St. Paul Lutheran Church Easter Sunday worship includes indoor surnise worship at 7:30 a.m., breakfast at 8:30 a.m. and an Easter Celebration worship at 10:30 a.m. at 8100 Shady Grove Hanover Nazarene presRoad in Mechanicsville. For more information, call Rev. Rodney ents “Alive: A Resurrection Bitely, Pastor, at 427-7500, or visit Celebration” 9:30 a.m and 11 a.m. at 8391 Atlee Rd. in www.saintpaul-lcms.com. Mechanicsville. Embrace the  All Souls Episcopal Church Easter story again and watch Easter Day service begins at 9:30 your life come Alive! Admission a.m. and will be held at Messiah is free. For information, visit Lutheran Church, 8154 Atlee www.hanoverlife.com. Road. For more information  Walnut Grove Baptist call 955-5397 or visit website at www.allsoulsva.org. Nursery Church will celebrate with a special Easter service at 10 a.m. care is provided. in the sanctuary. All area fami Kids, youth, fami- lies are welcome at 7046 Cold lies, seniors, Mechanicsville Harbor Road. Call 746-5081 Presbyterian Church wel- for more information. comes you to celebrate Easter. Contemporary worship will be at Tuesday, April 2 9 a.m. and Traditional Worship  The Arthritis Foundation is will be at 11 a.m. Breakfast will offering Tai Chi at the Church of be at 10 a.m. followed by an the Redeemer in Mechanicsville. Easter Egg Hunt for the chil- The class meets from 1 to 2 p.m. dren. The church is located at The program uses easy to learn, the corner of Atlee and Signal gentle movements that improve Hill Roads. For information call physical strength, flexibility, 746-5496. balance, and well-being. The fun and interactive classes are  Easter Sunday Services are suitable for every fitness level. begin at 8 a.m., 9:30 a.m., and Cost is $48. Pre-registration is 11 a.m. at New Highland Baptist required and class size is limited. Church, 9200 New Ashcake Contact Jo Ann Widner RN at Road, Mechanicsville. Nursery 370-3906 for information or to care will be provided for children pre-register. 3 and under. For more informasee CALENDAR, pg. 37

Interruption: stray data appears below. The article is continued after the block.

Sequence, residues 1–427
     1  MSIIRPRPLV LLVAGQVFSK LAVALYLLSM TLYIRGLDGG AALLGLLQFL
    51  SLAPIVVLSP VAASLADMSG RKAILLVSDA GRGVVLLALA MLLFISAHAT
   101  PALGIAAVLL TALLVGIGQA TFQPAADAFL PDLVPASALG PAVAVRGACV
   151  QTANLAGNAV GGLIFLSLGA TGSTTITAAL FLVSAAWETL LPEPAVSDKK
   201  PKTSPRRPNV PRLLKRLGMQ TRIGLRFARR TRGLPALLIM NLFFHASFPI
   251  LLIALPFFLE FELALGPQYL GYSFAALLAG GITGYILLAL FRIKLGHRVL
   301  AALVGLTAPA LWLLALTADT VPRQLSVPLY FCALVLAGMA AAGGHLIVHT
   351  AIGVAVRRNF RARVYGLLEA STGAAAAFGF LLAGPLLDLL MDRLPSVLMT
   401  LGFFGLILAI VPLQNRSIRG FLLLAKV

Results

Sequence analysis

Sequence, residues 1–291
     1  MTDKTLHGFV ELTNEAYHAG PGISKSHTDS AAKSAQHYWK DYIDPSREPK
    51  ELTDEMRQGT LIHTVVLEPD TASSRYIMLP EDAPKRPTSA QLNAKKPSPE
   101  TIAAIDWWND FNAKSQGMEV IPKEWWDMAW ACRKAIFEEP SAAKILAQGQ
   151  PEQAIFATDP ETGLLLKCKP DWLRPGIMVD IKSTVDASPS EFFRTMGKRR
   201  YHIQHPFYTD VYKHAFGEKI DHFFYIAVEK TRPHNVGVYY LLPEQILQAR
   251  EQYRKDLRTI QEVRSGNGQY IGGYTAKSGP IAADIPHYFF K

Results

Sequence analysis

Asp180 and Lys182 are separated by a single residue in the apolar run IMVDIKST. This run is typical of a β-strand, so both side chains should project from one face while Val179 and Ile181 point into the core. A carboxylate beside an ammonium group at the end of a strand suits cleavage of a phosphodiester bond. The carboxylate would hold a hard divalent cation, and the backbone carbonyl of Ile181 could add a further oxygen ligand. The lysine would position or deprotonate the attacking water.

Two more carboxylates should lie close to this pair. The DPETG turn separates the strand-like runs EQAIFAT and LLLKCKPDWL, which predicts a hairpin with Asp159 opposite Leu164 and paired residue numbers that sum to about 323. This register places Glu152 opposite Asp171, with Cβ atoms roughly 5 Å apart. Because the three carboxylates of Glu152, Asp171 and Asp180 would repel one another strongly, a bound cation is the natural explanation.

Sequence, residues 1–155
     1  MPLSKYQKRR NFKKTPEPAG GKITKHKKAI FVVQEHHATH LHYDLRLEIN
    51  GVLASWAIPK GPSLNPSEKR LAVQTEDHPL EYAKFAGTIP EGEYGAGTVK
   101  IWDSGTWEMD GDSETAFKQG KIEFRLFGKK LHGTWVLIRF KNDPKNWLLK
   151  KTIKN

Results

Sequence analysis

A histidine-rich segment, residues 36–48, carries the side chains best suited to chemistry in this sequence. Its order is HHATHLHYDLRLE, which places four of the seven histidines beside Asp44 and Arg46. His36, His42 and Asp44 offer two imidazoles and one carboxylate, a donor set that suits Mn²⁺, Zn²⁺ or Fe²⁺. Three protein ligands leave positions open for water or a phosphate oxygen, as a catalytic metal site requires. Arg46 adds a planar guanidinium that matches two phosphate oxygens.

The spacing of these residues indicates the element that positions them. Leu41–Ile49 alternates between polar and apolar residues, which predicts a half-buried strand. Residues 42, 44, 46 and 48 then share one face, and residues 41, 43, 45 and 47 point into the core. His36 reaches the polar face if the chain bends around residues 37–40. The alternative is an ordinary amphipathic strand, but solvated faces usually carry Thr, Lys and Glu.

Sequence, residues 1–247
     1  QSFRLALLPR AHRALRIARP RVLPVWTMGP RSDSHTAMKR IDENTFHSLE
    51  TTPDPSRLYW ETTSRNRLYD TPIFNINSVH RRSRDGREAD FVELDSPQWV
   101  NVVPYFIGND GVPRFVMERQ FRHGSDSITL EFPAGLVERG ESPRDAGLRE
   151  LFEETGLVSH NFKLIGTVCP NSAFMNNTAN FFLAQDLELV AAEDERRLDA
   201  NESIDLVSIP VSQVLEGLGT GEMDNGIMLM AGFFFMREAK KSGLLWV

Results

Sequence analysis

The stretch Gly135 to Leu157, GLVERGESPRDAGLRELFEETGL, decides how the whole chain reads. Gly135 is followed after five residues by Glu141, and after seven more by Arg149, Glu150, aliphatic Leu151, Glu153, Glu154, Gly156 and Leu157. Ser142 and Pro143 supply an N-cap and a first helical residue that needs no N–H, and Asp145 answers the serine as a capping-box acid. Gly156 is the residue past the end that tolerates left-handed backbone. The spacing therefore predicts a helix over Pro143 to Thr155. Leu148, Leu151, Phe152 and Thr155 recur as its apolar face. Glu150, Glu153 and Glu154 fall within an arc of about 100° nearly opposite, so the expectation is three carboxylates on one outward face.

The Mechanicsville Local

March 27, 2013

27


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Bizarre Bazaar Spring Show to be held April 5-7

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Erin Raines, a 2009 graduate of Lee-Davis High School, returned to Mechanicsville with the Milligan College Concert Choir and the a cappella ensemble, Heritage, on Sunday, March 17. The Concert Choir and Heritage participated in the morning worship services at Fairmount Christian Church in Mechanicsville. The two groups had a combined concert at Fairmount Christian Church that evening. Raines is the accompanist for the Concert Choir and sings alto in the eight-member Heritage. She will graduate with honors this spring with a bachelor of arts degree. Milligan’s Concert Choir is an auditioned mixed chorus of 41 students with a varied repertoire that includes classics, spirituals, hymn arrangements and multicultural music from around the globe.

The Bizarre Bazaar’s 21st Spring Market will be held Friday through Sunday, April 5-7, at the Richmond Raceway Complex, at 600 E. Laburnum Ave. Richmond. Show hours are 10 a.m. to 7 p.m. aThursday and Friday and 10 a.m. to-5 p.m. Sunday. This year’s show will present more than 275 juried exhibitors in two contiguous buildings. Admission is $7 for adults and $1.50 for children. Advance discount tickets are available for $6.50. Gifts and decorations for spring and summer, garden and coastal themed decorative accessories, gourmet food and cookbooks, fine linens, designer women’s and children’s clothing, toys, fine crafts and artwork, furniture and jewelry are among the items offered. The Spring Market also provides an opportunity for many see BIZARRE, pg. 30